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Foreign-born play important role

A man from the Yeojin Tribe of Manchu worked as the right-hand man for Lee Seong-gye, the first king of the Joseon Dynasty. He was General Lee Ji-ran, the progenitor of the Cheonghae Lee clan. The two swore to be brothers. When the king pierced a water jar, the general shot an arrow with a cotton-covered arrowhead and plugged up the hole. Lee Ji-ran was honored as a patriot after his death.

Seol Jang-soo, one of the nine meritorious retainers for Joseon’s foundation, was a naturalized citizen from a Uyghur background. He worked as a diplomatic envoy eight times, was fluent in Chinese and was an expert on Confucianism. A figure named “Ssanggi” appears in the 39th volume of the History of Goryeo. He was a Chinese diplomatic delegate who found favor in the eyes of King Gwangjong of Goryeo and became naturalized. He introduced the state civil servant examination to the country.

The first person who brought a firelock to Korea was a naturalized citizen. He was a Japanese general named Sayaga, who became a defector a week after he landed in Busan’s port during the Japanese invasion of Korea (1592-1598). He was an admirer of Joseon’s civilization and changed his name to Kim Chung-seon. He considered Japanese invaders his enemy and was promoted to high-ranking posts.

When King Injo was forced to kowtow, a humiliating ritual, to an invading Chinese Emperor in the castle Namhansanseong, he cried bitterly, “Why should we kneel before such a barbarian?”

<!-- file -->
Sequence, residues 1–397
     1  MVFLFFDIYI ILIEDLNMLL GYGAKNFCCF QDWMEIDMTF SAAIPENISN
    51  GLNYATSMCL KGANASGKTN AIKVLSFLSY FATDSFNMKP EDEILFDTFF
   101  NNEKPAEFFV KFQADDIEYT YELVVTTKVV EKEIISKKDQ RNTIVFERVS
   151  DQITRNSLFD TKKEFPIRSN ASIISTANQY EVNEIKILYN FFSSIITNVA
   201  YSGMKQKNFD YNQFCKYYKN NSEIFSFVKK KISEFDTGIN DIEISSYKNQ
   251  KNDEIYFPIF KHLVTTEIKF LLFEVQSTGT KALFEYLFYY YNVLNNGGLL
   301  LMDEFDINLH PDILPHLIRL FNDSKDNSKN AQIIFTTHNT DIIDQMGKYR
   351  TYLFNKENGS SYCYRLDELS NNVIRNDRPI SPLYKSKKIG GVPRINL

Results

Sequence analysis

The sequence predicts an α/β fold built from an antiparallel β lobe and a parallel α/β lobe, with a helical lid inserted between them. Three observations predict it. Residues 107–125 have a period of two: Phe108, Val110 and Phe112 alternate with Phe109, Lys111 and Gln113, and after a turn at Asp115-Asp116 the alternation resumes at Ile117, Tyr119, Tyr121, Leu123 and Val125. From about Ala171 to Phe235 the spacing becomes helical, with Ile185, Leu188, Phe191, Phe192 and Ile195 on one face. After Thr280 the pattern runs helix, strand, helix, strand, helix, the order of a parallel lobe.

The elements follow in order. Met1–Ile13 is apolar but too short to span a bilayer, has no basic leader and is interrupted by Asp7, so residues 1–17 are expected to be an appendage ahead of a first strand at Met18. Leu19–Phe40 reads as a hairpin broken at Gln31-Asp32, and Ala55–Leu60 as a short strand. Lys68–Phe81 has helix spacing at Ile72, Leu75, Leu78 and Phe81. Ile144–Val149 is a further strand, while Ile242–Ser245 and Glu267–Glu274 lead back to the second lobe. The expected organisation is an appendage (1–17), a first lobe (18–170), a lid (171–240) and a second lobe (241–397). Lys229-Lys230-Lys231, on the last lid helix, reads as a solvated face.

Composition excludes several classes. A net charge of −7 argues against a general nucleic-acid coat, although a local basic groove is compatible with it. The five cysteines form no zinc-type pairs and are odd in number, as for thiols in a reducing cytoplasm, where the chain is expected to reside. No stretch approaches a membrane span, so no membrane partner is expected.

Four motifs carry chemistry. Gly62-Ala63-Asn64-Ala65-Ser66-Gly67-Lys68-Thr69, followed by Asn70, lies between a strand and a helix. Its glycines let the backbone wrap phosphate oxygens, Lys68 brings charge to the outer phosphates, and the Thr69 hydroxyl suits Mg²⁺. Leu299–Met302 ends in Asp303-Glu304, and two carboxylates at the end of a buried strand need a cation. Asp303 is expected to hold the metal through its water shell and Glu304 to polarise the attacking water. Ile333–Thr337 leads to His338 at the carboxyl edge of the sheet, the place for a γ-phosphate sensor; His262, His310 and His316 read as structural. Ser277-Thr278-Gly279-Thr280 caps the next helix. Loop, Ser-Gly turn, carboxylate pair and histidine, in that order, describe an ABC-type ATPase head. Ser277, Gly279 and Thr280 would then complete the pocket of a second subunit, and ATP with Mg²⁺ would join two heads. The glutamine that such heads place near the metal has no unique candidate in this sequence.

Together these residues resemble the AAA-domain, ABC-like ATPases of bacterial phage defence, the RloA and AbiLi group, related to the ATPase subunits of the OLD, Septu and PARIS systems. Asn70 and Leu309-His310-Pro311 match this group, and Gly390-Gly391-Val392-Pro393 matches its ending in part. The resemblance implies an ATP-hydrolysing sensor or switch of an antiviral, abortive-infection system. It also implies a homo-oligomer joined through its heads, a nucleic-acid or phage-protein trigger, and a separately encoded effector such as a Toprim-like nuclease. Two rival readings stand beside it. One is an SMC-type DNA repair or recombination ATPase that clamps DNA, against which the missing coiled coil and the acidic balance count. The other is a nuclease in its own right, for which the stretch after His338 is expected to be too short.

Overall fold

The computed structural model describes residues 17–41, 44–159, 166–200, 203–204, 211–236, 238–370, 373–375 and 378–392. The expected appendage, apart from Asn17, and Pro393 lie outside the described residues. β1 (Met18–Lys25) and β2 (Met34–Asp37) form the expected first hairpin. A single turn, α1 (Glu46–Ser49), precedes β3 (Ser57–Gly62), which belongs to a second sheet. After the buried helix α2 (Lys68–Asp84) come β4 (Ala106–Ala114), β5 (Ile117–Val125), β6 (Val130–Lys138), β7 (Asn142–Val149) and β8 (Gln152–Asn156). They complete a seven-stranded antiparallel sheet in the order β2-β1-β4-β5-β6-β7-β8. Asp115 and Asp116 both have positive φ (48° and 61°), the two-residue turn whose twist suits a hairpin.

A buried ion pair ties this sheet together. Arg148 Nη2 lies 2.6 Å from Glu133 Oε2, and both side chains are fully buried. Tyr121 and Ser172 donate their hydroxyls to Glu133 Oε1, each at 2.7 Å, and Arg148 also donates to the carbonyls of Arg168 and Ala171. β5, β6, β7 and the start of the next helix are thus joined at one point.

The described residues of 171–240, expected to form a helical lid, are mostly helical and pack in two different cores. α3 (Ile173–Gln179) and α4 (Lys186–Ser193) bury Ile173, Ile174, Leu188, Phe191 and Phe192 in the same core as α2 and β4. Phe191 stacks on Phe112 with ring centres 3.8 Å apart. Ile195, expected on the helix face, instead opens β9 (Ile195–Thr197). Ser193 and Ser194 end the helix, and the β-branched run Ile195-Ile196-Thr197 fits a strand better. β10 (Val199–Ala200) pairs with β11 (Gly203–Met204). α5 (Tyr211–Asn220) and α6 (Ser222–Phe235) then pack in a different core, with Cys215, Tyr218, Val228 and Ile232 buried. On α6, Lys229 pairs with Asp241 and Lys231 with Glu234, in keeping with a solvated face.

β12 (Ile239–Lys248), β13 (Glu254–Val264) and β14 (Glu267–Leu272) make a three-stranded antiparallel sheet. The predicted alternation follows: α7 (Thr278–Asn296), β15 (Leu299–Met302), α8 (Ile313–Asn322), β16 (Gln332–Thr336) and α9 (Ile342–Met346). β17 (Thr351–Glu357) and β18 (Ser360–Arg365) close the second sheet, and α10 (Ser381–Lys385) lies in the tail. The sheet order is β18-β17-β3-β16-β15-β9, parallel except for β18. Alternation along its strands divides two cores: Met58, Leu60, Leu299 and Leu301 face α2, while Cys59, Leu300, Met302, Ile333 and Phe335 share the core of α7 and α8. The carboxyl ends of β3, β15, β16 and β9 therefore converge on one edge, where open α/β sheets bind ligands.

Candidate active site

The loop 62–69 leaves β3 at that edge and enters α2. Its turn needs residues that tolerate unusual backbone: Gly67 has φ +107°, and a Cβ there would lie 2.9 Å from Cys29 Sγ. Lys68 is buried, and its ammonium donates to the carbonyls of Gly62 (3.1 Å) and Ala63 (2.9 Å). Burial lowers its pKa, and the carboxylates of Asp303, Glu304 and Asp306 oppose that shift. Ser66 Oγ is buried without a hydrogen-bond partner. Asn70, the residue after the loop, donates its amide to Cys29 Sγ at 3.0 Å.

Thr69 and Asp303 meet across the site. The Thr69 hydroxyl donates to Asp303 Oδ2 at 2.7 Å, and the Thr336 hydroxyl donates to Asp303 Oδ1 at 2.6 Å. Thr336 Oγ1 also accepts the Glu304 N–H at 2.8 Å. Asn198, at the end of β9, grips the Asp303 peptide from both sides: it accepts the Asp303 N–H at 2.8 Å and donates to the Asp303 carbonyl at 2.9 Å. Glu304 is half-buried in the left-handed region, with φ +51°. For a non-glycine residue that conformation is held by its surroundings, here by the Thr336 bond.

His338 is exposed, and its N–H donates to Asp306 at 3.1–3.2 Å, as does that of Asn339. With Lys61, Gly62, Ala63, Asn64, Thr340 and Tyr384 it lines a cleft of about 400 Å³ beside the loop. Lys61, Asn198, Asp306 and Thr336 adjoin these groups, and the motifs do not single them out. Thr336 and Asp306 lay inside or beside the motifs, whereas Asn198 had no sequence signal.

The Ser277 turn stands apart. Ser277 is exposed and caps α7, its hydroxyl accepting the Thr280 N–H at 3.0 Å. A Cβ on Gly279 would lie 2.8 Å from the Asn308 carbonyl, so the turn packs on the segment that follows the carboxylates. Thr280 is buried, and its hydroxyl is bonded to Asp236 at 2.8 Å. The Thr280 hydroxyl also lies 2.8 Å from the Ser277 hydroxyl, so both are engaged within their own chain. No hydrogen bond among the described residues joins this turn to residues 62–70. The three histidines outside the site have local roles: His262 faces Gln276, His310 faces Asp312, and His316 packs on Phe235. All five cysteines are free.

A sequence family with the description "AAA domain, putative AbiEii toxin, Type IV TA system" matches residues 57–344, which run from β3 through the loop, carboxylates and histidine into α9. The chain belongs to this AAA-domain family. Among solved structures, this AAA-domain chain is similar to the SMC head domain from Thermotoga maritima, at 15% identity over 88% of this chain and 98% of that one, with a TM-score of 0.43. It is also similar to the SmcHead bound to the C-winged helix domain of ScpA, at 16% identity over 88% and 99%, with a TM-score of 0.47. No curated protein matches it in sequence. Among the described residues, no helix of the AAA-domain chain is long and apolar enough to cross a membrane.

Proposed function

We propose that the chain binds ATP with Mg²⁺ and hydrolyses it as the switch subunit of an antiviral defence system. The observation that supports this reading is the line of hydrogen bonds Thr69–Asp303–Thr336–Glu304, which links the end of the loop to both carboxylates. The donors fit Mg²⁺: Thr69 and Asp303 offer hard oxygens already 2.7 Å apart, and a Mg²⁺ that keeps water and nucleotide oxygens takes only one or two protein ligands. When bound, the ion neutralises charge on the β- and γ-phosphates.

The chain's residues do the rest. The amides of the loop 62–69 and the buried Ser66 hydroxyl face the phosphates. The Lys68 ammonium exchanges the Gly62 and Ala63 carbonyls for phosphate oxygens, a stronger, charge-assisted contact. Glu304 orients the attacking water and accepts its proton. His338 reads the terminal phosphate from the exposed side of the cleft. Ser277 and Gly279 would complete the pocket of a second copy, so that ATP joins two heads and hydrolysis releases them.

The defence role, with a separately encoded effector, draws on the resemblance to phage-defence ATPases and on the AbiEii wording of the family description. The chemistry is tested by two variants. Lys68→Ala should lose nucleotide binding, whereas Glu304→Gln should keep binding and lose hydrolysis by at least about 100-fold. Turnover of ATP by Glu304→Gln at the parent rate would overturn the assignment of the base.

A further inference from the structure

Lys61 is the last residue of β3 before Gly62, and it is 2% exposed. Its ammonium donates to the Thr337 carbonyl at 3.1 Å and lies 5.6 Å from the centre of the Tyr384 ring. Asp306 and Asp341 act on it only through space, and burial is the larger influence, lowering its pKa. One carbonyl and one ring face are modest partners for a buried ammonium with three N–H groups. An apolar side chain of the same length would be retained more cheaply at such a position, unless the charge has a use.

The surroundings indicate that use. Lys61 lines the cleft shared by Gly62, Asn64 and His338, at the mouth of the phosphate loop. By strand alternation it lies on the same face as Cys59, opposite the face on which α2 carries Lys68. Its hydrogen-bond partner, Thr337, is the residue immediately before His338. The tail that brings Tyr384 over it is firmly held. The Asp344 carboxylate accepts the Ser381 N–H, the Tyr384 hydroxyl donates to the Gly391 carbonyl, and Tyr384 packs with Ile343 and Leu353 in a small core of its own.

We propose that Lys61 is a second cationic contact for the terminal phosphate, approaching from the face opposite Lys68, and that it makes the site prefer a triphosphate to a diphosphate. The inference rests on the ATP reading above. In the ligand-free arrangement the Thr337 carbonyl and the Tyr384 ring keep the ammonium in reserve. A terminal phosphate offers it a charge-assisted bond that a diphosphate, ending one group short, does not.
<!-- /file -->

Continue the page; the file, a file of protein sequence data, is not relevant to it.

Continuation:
Park Yeon introduced the cannon during the Second Manchurian invasion of Joseon in 1636. His original name was Jan Janse Weltevree. He was a crewman from the Netherlands and the first Westerner to become naturalized in Joseon. He recommended that the explorer Hendrick Hamel and his companions serve as artillerymen in the army.

Last Thursday, we appointed the first naturalized citizen to head a public corporation. Lee Charm, born in Germany, is now the president of the Korea Tourism Organization. When he visited Korea in 1978, he used the name “Carl Toma,” which reminds us of Korean words that mean a knife and a chopping board, respectively, instead of his original name, “Bernhard Quandt.”

His experience in Korean television is already well known. One of his most memorable roles in a Korean drama was as a man who struggles to get parental consent for his marriage.

Lee’s first name after naturalization was Lee Han-woo, but he changed it to Lee Charm, which reflects his firm commitment to become a truly genuine Korean participating in Korean development. He understood the meaning of his name when he chose it. Many expectations and concerns have been raised for this newly appointed president. Once a young German man who did not mind being called “a knife and a chopping board,” he has succeeded in establishing his status as the founder of a Korean family named “Lee from Germany.”

The writer is a political news reporter of the JoongAng Ilbo.

By Koo Hui-lyung []
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